Effective physician retention strategies in Norway’s northernmost county
Karin Straume & Daniel MP Shaw
Retaining physicians in remote settings can be challenging owing to the heavy workload and harsh environmental conditions and to the lack of opportunities for professional development. In Norway, poor physician distribution between urban and rural areas has been persistent, particularly in the north, where in 1997 a total of 28% of the primary care physician positions were vacant.
Several corrective measures have been tried over the years. One was the establishment of a medical school in the northern city of Tromsø, which proved effective but did not avert new crises. A 1998 survey among primary care physicians signalled the need for new interventions conducive to professional development in rural areas. The existing medical internship and in-service training model for general practice were systematically adopted as tools for retaining physicians.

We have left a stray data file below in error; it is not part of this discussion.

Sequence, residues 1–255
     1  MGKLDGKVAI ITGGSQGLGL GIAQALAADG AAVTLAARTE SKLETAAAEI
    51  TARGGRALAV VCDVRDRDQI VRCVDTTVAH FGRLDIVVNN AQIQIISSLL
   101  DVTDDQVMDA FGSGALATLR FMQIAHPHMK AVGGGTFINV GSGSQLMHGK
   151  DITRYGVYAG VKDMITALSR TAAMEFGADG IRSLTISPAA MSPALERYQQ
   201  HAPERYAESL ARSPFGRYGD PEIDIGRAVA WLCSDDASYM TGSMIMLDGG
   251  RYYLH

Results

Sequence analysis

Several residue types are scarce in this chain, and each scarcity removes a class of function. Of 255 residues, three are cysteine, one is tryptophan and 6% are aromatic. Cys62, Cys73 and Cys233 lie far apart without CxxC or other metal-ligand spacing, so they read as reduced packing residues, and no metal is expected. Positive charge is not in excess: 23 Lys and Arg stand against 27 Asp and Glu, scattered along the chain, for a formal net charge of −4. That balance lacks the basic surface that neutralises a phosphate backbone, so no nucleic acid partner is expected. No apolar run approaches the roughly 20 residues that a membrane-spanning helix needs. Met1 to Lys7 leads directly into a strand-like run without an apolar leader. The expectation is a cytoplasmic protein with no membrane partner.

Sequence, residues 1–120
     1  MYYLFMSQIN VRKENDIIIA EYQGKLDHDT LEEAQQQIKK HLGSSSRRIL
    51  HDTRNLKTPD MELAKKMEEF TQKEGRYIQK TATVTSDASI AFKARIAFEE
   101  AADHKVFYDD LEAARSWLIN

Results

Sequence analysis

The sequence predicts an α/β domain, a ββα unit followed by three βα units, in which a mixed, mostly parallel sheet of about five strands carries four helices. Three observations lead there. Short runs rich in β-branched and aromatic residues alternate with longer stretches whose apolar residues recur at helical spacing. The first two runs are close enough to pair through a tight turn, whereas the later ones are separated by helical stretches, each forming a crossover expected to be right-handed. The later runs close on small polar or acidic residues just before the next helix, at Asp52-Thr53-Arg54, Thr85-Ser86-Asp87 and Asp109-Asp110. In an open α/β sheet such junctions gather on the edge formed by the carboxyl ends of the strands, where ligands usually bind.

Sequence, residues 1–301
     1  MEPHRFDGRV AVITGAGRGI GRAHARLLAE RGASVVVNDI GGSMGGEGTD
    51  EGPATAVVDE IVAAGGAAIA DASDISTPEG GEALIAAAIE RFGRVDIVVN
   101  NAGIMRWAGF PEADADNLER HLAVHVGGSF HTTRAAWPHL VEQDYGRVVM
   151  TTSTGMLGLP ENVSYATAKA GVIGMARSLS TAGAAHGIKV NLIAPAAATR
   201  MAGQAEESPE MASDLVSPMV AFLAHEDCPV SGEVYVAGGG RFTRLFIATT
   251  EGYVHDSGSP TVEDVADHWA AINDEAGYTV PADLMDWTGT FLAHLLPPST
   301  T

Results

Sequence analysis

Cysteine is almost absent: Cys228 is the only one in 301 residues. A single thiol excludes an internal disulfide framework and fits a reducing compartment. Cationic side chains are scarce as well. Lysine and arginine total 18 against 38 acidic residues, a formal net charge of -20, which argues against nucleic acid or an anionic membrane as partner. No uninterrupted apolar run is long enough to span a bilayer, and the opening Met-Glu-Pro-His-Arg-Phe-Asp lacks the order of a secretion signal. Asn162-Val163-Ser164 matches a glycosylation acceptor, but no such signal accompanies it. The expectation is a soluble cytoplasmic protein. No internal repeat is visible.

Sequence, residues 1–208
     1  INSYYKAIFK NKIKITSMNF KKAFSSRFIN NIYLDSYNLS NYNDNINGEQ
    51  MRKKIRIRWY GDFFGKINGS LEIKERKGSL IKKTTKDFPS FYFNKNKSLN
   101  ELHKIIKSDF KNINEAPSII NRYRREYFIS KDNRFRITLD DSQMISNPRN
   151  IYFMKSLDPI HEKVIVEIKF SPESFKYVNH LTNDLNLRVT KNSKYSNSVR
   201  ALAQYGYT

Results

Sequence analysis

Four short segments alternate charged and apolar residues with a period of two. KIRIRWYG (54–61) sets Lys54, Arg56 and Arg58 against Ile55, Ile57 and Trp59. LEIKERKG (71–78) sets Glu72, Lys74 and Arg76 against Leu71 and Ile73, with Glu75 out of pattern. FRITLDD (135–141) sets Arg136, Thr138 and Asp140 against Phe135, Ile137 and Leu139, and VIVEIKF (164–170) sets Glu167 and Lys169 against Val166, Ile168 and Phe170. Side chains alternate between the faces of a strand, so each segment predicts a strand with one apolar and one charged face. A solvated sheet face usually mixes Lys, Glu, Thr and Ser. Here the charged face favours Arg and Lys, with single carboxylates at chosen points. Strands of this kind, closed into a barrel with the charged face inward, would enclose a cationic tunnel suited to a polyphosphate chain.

In Finnmark – Norway’s northernmost and most sparsely-populated county – medical practice is challenging, especially at the primary care level. In 1997, a 38% shortage of general practitioners (30 positions) threatened primary care safety.
Almost twice as many medical interns as expected now take their first fully licensed job in the north of Norway. The post-training retention of primary care physicians after 5 years currently stands at 65%.
Postgraduate medical training can be conducted in remote areas in a manner that ensures professional development, counteracts professional isolation, and allows trainees and their families to grow roots in rural communities. Rural practice satisfies modern principles of adult learning (problem-based and attached to real-life situations) and offers excellent training conditions.